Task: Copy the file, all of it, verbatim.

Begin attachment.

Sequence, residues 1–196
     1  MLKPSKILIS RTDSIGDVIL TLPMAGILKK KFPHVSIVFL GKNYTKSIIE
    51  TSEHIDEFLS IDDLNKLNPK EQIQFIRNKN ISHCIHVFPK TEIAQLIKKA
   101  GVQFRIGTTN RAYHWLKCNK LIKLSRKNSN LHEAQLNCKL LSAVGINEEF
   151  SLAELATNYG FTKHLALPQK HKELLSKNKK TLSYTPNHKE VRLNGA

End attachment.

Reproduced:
Sequence, residues 1–196
     1  MLKPSKILIS RTDSIGDVIL TLPMAGILKK KFPHVSIVFL GKNYTKSIIE
    51  TSEHIDEFLS IDDLNKLNPK EQIQFIRNKN ISHCIHVFPK TEIAQLIKKA
   101  GVQFRIGTTN RAYHWLKCNK LIKLSRKNSN LHEAQLNCKL LSAVGINEEF
   151  SLAELATNYG FTKHLALPQK HKELLSKNKK TLSYTPNHKE VRLNGA